For the past 6 months I’ve been completely obsessed with circular mirrors! I’ve replaced every non-circular mirror in my home with a circular one and I’ve loved the effect it creates in the room. The round shape is so pleasing on the eye and it feels a much more contemporary design to whatever I had there before. In my last blog post I talked about how circles in the bathroom are a trend that is here to stay, so I was delighted when online bathroom suite retailer Soak.com gifted me their Iris bathroom mirror to hang in my home.
Soak.com do such a nice range of bathroom furniture and accessories as well as fixtures and fittings. Along with the Iris mirror they also gifted me this gorgeous mini round mirror and toothbrush holder, which is from their ‘Marble’ range. The Iris mirror is such a show-stopper as it is a huge 100cm in diameter. It feels wonderfully modern with its bevel and powder coated steel frame, as opposed to your usual gold or copper edge. It was hanging this Iris mirror in my bathroom that gave me the idea to document it in this DIY post. This mirror is very large and very heavy and it is important to hang it the correct way. If it falls off the wall it can cause considerable damage (to you and the room it is in!) It is also important when hanging a mirror like this to hang it right first-time. Unlike a small picture which you can faff about with getting it in the perfect position, it would take a lot of effort to re-position a mirror like this if you hang it in the wrong place.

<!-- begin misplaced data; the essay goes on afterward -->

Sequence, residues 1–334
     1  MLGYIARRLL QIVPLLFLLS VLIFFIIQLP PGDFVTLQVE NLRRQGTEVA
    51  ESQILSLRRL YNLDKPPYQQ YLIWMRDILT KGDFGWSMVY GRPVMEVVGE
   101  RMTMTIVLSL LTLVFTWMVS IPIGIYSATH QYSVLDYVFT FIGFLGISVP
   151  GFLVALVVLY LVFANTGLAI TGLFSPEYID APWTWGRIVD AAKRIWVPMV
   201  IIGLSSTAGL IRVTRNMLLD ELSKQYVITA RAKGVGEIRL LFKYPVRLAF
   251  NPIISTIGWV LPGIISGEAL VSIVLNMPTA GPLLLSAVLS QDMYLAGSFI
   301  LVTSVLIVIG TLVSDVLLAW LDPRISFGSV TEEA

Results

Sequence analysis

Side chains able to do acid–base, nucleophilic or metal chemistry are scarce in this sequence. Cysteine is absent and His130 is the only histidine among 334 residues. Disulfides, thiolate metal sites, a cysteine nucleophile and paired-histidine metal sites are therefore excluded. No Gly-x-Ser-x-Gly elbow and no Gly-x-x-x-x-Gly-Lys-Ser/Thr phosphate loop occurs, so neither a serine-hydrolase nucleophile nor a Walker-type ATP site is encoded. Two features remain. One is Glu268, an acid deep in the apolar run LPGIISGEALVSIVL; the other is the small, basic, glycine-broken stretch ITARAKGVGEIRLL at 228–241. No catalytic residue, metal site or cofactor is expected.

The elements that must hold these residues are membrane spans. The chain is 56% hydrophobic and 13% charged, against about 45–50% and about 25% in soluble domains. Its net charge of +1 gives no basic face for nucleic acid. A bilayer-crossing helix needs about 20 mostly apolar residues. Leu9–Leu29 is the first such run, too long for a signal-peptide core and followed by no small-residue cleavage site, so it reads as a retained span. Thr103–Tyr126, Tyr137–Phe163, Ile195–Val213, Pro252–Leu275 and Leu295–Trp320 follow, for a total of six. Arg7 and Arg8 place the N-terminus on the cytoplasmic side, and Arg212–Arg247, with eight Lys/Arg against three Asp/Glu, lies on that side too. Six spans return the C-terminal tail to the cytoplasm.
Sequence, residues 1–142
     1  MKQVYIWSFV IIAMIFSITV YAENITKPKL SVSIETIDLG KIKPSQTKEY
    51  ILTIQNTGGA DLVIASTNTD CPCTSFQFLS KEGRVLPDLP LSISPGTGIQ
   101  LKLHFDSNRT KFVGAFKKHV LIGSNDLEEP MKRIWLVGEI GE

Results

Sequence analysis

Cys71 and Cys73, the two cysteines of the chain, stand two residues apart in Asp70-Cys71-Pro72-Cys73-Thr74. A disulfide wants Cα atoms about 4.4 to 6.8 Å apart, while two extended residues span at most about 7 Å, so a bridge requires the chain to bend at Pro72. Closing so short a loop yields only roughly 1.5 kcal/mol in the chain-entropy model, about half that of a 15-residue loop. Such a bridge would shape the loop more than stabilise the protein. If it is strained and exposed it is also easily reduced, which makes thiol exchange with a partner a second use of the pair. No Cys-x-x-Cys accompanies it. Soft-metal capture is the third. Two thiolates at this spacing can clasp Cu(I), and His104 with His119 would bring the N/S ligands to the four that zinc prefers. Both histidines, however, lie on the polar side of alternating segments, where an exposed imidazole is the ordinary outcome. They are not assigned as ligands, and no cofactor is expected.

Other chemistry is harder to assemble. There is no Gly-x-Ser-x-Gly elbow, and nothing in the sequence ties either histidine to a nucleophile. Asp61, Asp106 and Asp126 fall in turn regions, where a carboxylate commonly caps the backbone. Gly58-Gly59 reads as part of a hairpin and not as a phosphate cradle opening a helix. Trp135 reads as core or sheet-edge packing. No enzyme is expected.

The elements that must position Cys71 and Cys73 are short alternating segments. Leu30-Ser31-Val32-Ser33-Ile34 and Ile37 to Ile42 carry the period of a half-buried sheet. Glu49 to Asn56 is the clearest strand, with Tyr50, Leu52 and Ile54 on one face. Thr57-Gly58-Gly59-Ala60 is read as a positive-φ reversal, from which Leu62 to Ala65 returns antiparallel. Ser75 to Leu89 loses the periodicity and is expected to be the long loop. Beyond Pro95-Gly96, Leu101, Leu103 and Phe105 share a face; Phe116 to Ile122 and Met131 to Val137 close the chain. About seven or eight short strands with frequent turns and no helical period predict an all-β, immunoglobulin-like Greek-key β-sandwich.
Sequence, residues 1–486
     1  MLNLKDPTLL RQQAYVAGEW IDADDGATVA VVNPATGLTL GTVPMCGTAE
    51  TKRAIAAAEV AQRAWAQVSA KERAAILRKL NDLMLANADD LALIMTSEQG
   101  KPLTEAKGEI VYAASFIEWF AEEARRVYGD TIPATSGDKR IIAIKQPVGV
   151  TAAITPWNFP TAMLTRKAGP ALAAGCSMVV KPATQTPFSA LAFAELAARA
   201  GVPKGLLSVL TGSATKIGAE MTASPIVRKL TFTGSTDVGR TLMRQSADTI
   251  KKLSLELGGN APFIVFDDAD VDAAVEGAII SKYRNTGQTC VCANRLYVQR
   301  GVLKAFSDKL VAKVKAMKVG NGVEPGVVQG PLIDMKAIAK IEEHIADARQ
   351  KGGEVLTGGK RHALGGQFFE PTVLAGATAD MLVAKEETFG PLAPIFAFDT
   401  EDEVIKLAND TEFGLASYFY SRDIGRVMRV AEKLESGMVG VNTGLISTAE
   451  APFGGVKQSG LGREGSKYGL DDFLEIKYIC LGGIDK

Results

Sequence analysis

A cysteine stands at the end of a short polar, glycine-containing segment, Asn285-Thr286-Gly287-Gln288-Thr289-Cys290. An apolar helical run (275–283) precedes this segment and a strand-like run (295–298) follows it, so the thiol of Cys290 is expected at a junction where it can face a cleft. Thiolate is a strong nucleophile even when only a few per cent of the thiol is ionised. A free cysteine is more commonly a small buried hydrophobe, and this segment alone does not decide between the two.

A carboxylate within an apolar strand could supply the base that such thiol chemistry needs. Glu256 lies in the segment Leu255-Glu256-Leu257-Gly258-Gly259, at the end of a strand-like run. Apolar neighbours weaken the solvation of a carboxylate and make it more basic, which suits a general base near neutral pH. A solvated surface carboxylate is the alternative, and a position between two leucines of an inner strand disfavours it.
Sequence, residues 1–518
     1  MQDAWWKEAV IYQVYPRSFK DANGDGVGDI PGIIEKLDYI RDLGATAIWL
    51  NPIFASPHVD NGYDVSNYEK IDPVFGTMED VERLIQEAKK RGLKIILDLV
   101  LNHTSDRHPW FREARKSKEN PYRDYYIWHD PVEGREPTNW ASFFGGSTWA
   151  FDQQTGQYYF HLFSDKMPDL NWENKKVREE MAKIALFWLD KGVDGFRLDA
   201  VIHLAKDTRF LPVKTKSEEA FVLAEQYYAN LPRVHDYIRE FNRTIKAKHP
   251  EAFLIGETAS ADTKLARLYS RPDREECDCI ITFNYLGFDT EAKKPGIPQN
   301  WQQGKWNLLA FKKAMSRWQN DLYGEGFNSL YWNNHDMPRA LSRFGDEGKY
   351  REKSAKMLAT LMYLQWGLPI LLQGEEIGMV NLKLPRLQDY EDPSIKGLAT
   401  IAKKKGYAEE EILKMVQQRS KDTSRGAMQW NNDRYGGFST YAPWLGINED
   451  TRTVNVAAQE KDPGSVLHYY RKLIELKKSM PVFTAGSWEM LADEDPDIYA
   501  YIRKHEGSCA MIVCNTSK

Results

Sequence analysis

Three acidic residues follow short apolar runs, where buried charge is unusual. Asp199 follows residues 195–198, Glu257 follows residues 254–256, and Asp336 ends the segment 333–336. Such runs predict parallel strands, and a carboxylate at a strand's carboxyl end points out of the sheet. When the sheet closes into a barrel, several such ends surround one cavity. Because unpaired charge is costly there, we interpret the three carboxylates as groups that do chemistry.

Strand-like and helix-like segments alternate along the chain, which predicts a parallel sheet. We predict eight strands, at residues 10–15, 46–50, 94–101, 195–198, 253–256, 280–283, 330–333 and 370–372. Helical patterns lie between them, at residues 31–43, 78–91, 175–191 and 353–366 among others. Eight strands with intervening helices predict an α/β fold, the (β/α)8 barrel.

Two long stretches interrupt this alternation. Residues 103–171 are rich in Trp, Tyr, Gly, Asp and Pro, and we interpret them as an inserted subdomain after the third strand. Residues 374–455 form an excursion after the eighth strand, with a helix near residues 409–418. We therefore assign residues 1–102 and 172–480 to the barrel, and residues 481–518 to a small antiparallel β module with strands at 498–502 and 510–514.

All large mirrors have different ways of being hung, but there are a few general rules to consider when hanging something as large and heavy as the Iris. First of all, you’ll need the correct tools. These are the tools that I use when hanging a large item on the wall in my home:
YOU WILL NEED:
The first and most important part of hanging something large & heavy on the wall is to measure correctly. Even though I knew the dimensions of the mirror, I did double check with a tape measure to make sure that it was 100cm in diameter as a first step.
Looking at the wall where the mirror was to be hung, I had to decide on my ‘central point’ for the mirror. The central point would be my starting point for marking out where to affix the mirror to the wall. As my mirror was to be hung above a sink, the tap is my indicator of where I would need my mirror to be centrally placed. If it was too far right or too far left of the tap it would look asymmetrical. When hanging your own large mirror, look at where you want to hang it and think about any factors which would dictate where it should be hung. For example, are you hanging it above or opposite a bed? The middle of the bed should be your central point to where the centre of the mirror should also exist.
Based on the position of the tap, I made a mark on the wall and measured out 50cm each side of the mark. I then marked the wall at these points as they would show me where the ends of the mirror would meet the wall. This was particularity important for me as I had to make sure the left side of the mirror did not hang over the edge of the wall. I then marked where I wanted the base of the mirror to start and measured up by 100cm. I now had five markings on the wall - the central point, plus where the top, bottom and each side of the mirror would end. I then stepped back to look and make sure that this is exactly where the mirror should be positioned.